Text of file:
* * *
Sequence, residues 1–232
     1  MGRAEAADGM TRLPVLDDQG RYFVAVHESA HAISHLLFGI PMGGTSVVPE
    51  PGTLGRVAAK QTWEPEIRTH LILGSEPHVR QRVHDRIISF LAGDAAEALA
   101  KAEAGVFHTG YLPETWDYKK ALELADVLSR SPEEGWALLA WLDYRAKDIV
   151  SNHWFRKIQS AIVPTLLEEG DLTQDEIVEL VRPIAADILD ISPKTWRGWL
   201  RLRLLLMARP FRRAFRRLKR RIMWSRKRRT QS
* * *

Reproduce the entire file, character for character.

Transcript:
Sequence, residues 1–232
     1  MGRAEAADGM TRLPVLDDQG RYFVAVHESA HAISHLLFGI PMGGTSVVPE
    51  PGTLGRVAAK QTWEPEIRTH LILGSEPHVR QRVHDRIISF LAGDAAEALA
   101  KAEAGVFHTG YLPETWDYKK ALELADVLSR SPEEGWALLA WLDYRAKDIV
   151  SNHWFRKIQS AIVPTLLEEG DLTQDEIVEL VRPIAADILD ISPKTWRGWL
   201  RLRLLLMARP FRRAFRRLKR RIMWSRKRRT QS